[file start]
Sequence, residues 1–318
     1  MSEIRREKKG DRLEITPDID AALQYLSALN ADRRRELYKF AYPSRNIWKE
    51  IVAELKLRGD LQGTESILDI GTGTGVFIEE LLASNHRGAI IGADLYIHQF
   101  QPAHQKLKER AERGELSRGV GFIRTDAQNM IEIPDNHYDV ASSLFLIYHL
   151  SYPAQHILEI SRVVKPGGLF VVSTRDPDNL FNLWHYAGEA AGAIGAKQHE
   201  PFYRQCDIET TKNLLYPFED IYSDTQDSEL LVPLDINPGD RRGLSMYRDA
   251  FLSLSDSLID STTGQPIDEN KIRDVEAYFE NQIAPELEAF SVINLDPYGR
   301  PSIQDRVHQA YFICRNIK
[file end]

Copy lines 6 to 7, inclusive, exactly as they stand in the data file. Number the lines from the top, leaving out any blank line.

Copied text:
   201  PFYRQCDIET TKNLLYPFED IYSDTQDSEL LVPLDINPGD RRGLSMYRDA
   251  FLSLSDSLID STTGQPIDEN KIRDVEAYFE NQIAPELEAF SVINLDPYGR